This had a huge effect since the wood in this case is OSB and isn't smooth.  The dark paint got deep into all the crevices of the boards.
how to weather a tool box, adam savage

I think it made it look loads better.  It gave it character and a kind of warmth that it didn't have being painted just plain white. 
wood tool box, easy, design, best

Overall i like the case.  It should last a long time.  I still want to make a real nice case with a leather wrap on the outside and felt on the inside, but i haven't found a reason to make it yet.
nail gun case, easy access, design, wood, build, plans


California Vacation - Legoland - Ocean

A couple of weeks ago Karrie and I flew to San Diego to visit Kristina, Kyla and LaRoun.  They live in Chula Vista.  When we checked for things to do in the area, Legoland kept coming up as a popular place.  So we got tickets to the park.  It turned out to be good for 2 days.  I wasn't sure if we would even want to do 2 days, but i was wrong.  The place is huge.  It has an aquarium, rides, and water park.  The first thing we did was the aquarium.
legoland, aquarium, kids, california

It was pretty good.  They had a big shark tank.
what to do in legoland

We spent a few hours in there before we went to see the rest of the park.
legoland aquarium, waterpark

But before we did that we stopped and had lunch.  We brought stuff to eat and it wasn't too much of a hassle to go out to the car and grab the cooler.
best places to eat in legoland, food, california

Since it was over 80 degrees, we spent the rest of that first day in the water park.  It was great.  They had lockers and changing rooms for everyone.  Then there was lots to do like lazy rivers, padded bottom shallow pools for the kids, water slides, and big play areas.  I didn't get any pictures while we were there, i should have brought my GoPro with me that day, but i forgot.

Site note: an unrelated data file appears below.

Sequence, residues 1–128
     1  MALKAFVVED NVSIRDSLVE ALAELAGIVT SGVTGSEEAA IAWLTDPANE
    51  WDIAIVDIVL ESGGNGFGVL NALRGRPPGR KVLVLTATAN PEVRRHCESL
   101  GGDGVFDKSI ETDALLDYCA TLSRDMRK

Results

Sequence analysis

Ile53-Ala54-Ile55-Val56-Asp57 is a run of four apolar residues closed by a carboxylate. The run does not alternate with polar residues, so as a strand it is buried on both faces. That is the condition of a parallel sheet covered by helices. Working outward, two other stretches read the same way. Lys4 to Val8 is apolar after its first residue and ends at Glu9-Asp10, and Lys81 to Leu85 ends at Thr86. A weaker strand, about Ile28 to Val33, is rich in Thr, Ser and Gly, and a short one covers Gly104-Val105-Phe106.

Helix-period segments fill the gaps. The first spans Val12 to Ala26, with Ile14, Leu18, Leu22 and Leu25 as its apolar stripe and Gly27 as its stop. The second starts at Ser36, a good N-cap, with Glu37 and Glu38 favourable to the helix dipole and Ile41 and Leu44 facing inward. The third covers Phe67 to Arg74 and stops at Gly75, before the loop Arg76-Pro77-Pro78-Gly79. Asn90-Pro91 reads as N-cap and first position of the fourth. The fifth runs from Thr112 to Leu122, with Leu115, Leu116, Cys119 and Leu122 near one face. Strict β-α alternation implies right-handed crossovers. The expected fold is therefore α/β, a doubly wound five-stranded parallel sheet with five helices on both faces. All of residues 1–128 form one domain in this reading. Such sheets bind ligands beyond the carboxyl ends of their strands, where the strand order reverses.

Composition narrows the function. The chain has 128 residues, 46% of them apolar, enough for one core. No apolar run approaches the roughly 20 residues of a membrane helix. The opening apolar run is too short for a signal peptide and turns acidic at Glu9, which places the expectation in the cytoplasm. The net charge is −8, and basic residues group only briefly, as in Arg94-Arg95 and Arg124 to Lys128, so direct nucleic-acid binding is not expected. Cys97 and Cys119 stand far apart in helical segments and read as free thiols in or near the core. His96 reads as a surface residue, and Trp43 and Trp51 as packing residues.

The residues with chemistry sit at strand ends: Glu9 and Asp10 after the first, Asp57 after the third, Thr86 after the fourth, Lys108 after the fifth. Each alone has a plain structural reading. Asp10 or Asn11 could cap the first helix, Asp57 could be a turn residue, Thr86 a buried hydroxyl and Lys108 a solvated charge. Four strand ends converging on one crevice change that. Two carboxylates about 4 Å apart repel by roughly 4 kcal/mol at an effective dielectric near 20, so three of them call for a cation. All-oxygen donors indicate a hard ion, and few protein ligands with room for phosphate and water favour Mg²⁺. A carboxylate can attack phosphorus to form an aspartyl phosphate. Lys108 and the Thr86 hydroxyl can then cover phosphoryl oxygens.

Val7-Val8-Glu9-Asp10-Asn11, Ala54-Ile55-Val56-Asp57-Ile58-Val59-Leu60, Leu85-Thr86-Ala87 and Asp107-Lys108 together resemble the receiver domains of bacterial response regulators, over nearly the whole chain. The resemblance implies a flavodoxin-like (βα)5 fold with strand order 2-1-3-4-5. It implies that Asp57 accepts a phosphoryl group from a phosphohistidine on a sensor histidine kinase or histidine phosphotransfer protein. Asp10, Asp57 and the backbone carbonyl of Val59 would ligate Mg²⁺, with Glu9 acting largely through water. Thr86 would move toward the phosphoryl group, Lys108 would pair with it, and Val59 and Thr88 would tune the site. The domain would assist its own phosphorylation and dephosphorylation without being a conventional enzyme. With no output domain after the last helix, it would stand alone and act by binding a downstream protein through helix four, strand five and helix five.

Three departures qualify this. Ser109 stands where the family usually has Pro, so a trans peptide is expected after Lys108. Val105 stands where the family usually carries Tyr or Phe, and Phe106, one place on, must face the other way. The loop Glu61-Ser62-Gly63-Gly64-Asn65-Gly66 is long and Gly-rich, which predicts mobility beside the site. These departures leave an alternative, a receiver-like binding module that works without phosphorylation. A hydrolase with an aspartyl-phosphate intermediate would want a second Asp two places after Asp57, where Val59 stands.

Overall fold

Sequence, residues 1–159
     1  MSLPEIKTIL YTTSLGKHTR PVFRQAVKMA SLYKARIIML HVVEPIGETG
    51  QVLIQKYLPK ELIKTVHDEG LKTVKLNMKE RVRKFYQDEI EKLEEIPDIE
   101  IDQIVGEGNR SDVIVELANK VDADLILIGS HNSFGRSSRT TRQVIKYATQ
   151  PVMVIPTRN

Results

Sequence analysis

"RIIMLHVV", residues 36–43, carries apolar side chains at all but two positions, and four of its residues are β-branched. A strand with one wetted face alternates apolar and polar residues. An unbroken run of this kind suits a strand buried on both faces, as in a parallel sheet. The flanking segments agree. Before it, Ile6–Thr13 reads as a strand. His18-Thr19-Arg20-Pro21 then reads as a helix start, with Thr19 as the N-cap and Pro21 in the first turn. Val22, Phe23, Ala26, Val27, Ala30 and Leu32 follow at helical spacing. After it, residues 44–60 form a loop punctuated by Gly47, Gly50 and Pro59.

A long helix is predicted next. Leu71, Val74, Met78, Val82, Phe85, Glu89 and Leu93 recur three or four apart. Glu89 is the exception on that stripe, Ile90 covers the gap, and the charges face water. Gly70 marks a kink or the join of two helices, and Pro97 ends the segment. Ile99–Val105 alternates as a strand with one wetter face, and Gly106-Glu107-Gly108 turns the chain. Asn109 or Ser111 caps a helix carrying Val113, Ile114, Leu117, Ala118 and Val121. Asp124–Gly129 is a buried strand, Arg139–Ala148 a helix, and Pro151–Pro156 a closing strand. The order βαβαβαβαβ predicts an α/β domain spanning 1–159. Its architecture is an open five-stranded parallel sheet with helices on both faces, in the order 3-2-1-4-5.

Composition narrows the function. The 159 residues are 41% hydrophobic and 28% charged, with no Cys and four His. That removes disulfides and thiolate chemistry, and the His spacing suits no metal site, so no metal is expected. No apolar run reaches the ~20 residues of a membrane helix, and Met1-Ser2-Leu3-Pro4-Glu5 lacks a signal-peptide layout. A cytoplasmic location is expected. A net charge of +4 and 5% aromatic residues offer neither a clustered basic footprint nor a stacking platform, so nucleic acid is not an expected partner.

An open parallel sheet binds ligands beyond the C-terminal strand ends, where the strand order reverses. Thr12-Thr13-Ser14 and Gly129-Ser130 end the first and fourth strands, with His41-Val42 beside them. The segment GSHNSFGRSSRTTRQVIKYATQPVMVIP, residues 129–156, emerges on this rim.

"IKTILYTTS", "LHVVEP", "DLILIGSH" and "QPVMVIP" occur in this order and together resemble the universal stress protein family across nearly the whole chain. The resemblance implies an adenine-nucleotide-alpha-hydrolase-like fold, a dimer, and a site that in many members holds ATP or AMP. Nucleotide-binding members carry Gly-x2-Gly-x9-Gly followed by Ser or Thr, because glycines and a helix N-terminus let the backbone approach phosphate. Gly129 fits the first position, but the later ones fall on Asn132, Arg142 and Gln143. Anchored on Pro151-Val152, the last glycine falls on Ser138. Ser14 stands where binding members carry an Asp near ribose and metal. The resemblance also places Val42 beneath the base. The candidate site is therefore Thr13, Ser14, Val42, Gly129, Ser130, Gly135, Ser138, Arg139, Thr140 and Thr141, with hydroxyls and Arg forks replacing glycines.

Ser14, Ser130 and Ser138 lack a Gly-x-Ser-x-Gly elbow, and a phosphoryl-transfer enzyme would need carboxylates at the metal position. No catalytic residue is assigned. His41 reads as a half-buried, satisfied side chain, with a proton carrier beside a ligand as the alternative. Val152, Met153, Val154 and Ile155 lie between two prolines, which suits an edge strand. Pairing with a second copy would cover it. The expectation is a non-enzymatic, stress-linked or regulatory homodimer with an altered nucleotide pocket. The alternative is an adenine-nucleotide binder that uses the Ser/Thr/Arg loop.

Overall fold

On our way out we stopped at a couple of rides.
best rides in legoland, california, san diego

The next day we went back to the park and did some of the bigger rides.  They were ok, not Cedar Point but pretty good.  The first day was a Friday and it wasn't too busy.  This second day was a Saturday and it was really crowded. 
fun to do at legoland, park, amusement

Inside the park i noticed this groove of bamboo.  I think it's Moso but i'm not sure.  They were about 50' tall and 4" in diameter.
california moso bamboo

The third day we drove to the ocean.  We walked around La Jolla California, apparently it's one of the wealthiest areas in the US.  We jokingly tried to guess at what some of the houses were worth.  My guess of $2 million seemed reasonable, until i checked and saw that the houses for sale ranged between $12 and $22 million.  We walked along the rocky shore for a while.

pacific ocean view, la jolla california

Then we went to check out the sea lions.  There were about 100 of them just sitting by a little pier. 
sea lions la jolla california

Apparently the entire area stinks really bad because of the animals. 
smell from sealions

Here's another view of the coastline.  The temperature there was about 5-10 degrees cooler then inland because of the breeze. 
la jolla california, ocean view

We drove a little further south to Mission Beach which is several miles long.  There was tons of people and things to do there.  We stopped at a place right on the beach for lunch.  

Here's a panorama picture i took of the beach.
mission beach california, beach view

After getting back to the condo Karrie, Kyla and I went down to the pool to go swimming.  After the water park at Legoland, swimming was all Kyla wanted to do.  

This time i took my GoPro camera with me and it was great in the pool.  The camera is best when there's lots of natural sunlight.

Swimming in the Pool - San Diego http://youtu.be/udIYin4u0DM

After swimming Kyla and i drew some things with sidewalk chalk. 

sidewalk chalk, cheap fun

We wish we could have spent more time down there then 4 days, but it was fun.  And having the 80 degree and sunny weather every day wasn't bad either.


Wood Tool Box

I've always wanted to build a simple wood tool box but i never got around to it, until now.  The look that i had in mind was one of those hundred year old tool boxes sitting in the back corner of an old barn.  The type of tool box that's been used for years carrying old tools and parts.  Something that looks beat up and worn down. 

Also I think the point of toolboxes like this are that they are made of scrap wood that you have lying around.  So after looking on the wood shelf I have, which stores all my wood, I found some scrap boards to use.  Here was my selection of wood to use.
2x4 shelf, wood shelf, easy to build storage shelf